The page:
HTML and CSS Reference
Locating via Geolocation
What's in This Chapter?
• Locating users with geolocation
• Drawing static maps
• Drawing interactive maps
Wrox.com Code Downloads for This Chapter
title.cgi?isbn=9781118301326 on the Download Code tab. The code is in the Chapter 23 download and indi-
vidually named according to the names throughout the chapter.
Up to this point this topic has treated the word mobile as referring primarily to a form factor (small screen) and
an input mechanism (touchscreen). A third major aspect to mobile devices is that they are portable, and thus
the user's location can be made into an interesting aspect of game play. This chapter examines the support to
determine a device's location, known as geolocation , which is available in one of the HTML5 families of spe-
cifications, and discusses how you can use it in games.
Getting Started with Geolocation
Geolocation support is technically not part of HTML5 but resides in a separate geolocation API specification.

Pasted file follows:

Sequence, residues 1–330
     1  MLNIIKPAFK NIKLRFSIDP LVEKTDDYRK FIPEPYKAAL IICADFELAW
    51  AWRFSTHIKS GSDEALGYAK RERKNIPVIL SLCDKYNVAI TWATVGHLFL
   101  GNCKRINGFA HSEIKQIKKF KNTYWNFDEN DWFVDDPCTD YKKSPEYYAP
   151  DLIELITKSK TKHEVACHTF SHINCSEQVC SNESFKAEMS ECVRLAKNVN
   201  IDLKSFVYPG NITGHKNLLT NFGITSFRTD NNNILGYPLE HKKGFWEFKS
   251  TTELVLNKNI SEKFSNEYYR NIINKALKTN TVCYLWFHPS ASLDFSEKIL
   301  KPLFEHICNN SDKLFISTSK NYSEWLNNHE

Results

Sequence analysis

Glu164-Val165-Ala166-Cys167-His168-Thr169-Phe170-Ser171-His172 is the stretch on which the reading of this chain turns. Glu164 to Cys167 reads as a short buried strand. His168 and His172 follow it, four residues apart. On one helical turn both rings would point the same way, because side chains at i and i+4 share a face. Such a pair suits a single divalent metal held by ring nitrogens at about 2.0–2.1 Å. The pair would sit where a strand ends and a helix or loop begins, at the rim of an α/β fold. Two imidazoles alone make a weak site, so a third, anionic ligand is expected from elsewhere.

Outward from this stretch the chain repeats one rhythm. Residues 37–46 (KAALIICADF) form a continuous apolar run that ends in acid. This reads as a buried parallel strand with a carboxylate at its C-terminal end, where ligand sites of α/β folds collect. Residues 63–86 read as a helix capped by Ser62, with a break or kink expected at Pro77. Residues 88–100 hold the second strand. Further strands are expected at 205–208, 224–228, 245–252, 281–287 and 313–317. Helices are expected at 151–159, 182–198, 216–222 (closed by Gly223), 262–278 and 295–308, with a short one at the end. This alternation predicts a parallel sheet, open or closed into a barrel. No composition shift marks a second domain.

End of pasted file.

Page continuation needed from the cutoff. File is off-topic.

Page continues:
The latest published version of the specification lives on the W3 website at www.w3.org/TR/geolocation-API/ .
Although this topic discusses geolocation from the perspective of mobile devices, the API is also available
in desktop browsers. Desktop browsers that support the API (IE9+ and recent versions of all other browsers)
use a less-accurate IP-address reverse lookup mechanism.
The API defines two mechanisms for grabbing the position: one time and watches. The first type is used
when you just need the position once. The second works like setInterval in that it calls the callback re-
peatedly as the device moves.
Because getting the user's position via a web page involves privacy concerns, both mechanisms provide a
notification to users giving them the power to allow or deny the request to grab the location.